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You’ve got to be joking: why humour sells on social media

November 2023

Social media is useful for many things. News and information, staying in touch with family, keeping up with trends, spreading conspiracy theories. But the content we really crave is the stuff that makes us laugh out loud. And brands that put humorous content as at the centre of their social media strategy could be laughing all the way to the bank.

The power of humour as an advertising and marketing tool has long been known. As the behavioural scientist Jennifer Aaker points out in a Ted Talk, “Humour sells. If you add a line of light humour into a sales pitch, people are willing to pay up to 20% more.”

“Humour sells. If you add a line of light humour into a sales pitch, people are willing to pay up to 20% more.”

Why? According to one study, “Humour-based messages are easier to process and understand on a superficial level” and humour “increases affection and provides a positive experience.”

Laughing at your jokes makes your audience feel connected and happy. Humour also makes your brand and your message memorable. Most of us of a certain age will go to our graves believing that Old Spice will make make you smell like a man, man. All thanks to those TV ads.

To make it funny, make it raw

On social media, humour has an extra power – the power to go viral. And the hunger for humour is insatiable and growing. As of January 2023, the hashtag "comedy" had 19 billion views on TikTok — more than for food, fashion and music. 

The type of humorous content that works particularly well on social media is raw, ‘real’, unpolished and ‘authentic’. Perhaps no surprise, as authenticity is cited as the second most important thing (after humour) that TikTok users want from influencers.  

Brands and influencers doing funny things

Filling the demand for that type of humour is a new generation of comedy content creators, known (by nobody except us) as ‘funfluencers’.  Some are using TikTok as a platform to launch their comedy careers. Some are seasoned professionals. Either way, many of them are being tapped by brands and some have very lucrative deals. 

There are also plenty of brands who are creating their own comedy, without help from influencers. But what’s notable about them is that the type of humorous content that they’re putting out on their social accounts is very much in the style of the funfluencer. Raw, authentic, real.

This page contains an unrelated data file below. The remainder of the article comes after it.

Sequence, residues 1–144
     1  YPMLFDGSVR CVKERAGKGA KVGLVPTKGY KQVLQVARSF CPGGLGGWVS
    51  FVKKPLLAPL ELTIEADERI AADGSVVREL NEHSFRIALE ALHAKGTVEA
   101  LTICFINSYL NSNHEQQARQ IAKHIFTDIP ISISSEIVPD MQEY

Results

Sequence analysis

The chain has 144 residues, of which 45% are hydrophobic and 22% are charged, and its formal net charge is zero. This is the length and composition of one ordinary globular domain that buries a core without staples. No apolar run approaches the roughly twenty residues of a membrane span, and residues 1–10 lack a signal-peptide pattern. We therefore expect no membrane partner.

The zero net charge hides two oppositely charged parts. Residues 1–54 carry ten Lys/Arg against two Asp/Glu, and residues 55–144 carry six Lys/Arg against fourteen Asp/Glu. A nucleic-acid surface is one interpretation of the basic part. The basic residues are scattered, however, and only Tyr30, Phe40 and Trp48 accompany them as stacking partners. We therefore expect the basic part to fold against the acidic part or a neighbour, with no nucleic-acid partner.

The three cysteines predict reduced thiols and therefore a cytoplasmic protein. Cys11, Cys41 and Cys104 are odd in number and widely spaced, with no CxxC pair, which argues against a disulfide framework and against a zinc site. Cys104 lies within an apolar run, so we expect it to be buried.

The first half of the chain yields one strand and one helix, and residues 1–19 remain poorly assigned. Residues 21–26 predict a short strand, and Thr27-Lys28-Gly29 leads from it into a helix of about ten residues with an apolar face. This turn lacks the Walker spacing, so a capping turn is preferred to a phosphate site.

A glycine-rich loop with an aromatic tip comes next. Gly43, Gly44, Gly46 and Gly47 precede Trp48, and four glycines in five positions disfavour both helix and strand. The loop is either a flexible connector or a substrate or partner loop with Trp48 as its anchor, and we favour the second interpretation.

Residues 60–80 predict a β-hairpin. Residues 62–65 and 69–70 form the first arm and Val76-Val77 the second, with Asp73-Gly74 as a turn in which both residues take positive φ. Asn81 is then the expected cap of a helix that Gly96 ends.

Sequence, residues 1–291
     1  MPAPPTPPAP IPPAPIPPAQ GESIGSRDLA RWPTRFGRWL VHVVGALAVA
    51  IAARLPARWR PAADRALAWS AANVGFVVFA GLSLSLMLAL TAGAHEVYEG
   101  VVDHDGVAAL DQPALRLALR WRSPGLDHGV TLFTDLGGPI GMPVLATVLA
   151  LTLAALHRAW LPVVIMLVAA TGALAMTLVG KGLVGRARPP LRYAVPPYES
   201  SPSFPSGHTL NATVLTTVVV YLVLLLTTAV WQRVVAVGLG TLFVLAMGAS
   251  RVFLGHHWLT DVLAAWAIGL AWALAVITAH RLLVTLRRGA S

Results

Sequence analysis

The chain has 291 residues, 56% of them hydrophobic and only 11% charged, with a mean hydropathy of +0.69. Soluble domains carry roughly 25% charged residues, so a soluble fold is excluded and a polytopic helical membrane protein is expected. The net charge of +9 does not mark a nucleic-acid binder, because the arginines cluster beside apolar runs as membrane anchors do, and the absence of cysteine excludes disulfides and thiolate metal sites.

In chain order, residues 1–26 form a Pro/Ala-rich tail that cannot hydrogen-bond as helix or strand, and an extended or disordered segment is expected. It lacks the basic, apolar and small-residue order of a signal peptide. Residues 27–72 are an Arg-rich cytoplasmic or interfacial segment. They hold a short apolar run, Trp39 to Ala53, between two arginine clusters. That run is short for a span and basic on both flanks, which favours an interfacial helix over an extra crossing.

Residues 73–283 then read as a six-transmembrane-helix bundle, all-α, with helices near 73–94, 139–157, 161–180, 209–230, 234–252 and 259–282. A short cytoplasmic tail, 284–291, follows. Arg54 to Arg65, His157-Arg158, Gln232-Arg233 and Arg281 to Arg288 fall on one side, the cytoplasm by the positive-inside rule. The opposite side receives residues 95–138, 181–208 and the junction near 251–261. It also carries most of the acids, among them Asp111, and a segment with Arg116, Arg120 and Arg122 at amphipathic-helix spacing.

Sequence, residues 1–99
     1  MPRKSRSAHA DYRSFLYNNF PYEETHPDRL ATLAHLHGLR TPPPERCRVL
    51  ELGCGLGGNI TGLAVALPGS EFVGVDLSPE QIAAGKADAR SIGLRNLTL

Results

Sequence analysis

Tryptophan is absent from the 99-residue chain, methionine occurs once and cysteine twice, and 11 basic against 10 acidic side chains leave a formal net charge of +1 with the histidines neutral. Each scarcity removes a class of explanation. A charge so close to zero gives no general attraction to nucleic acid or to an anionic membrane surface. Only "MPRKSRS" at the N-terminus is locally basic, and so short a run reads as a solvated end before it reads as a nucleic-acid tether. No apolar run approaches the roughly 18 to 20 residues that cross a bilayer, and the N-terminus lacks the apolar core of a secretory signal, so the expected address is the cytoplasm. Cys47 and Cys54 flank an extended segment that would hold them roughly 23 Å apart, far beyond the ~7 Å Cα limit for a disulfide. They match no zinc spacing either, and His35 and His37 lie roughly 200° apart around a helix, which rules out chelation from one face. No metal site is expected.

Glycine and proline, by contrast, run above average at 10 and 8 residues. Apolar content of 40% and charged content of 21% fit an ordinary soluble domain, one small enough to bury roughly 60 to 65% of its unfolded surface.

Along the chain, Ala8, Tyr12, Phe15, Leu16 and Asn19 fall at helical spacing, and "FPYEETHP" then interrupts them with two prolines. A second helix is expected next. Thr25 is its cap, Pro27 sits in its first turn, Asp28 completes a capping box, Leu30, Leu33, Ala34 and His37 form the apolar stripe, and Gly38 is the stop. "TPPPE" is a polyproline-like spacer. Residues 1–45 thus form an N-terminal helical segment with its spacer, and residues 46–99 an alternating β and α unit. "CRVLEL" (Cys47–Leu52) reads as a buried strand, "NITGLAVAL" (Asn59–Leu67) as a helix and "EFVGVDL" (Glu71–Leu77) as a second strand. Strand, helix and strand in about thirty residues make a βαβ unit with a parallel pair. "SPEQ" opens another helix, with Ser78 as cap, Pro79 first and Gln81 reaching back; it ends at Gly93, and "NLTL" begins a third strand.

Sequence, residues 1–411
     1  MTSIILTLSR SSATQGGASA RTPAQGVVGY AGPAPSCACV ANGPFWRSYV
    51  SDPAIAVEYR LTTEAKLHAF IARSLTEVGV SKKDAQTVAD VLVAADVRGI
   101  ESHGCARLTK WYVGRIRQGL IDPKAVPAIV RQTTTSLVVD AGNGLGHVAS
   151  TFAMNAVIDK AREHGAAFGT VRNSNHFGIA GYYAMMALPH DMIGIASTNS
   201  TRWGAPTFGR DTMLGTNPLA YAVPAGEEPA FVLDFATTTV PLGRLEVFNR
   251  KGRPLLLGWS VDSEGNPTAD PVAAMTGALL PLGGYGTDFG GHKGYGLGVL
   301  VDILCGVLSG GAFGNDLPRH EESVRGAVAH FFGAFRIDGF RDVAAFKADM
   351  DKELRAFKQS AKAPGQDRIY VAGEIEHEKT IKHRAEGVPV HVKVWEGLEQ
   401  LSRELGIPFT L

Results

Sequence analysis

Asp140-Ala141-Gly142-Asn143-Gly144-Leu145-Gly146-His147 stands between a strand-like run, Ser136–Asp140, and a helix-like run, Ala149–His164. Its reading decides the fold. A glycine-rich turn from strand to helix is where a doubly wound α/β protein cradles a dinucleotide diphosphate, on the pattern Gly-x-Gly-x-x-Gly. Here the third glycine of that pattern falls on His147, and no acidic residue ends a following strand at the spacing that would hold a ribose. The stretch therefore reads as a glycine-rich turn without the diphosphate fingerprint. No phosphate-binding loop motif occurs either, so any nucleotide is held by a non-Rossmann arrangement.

Here are a few of our favourite funny brands and influencers: 

Ryanair offers a masterclass in using your flaws as comedy gold. Its TikTok videos are silly, surreal and definitely ‘raw’. And whoever writes those responses to customers deserves a comedy award. Example: Q How do I get a free sandwich on board? A: It’s called a middle seat.”


Duolingo’s content looks like they just let their staff loose with a camera, which ticks the ‘authentic’ and ‘real’ boxes right away. It’s also just really, really funny.  


JanucyDev - Jonny specialises in dog-based humour. His sketch of how different dog breeds would behave in a job interview is hilarious (the whippet apologises for being ‘just a little nervous’). And his paid video for Roombas, featuring dogs interacting with a robot hoover, is genius.


Laura Ramoso, the Toronto-based comedian went viral with her impressions of her German mother. Other favourite sketches are “The girl who makes wearing a jumpsuit the basis of her entire identity” and “The gynaecologist who doesn’t care whether you live or die”. Let’s just say you’ll never look at kitchen utensils in the same way ever again.


Liam Carpenter is a British expat in Germany, whose schtick is making fun of Germans (in a nice way), and getting paid for it by brands including tax app Steuerbot.


Elle Cordova. Making delightfully geeky, dead-pan comedy videos is just one of Elle Cordova’s talents. She’s a singer/songwriter and former leader of folk band Reina del Cid, and she’s also funny as hell. Her “AIgorithm gaslighting” and “Virtual assistants in the server break room” skits are brilliant.


Joe Inoue is on a mission to teach you Japanese and he has a unique method of making you remember phrases. It quite possibly works – we were too busy laughing to learn anything.   


Adrian Bliss, if a man wearing a sperm costume hits your funny bone, then Adrian Bliss, a stand-up comic and regular on the UK Fringe scene, is your man. Based – loosely – on science, history and Bible stories, his sketches are a bit weird, a bit silly and very easy to watch (as evidenced by his 7.9 million TikTok followers).

Illustration: Leandro Chaman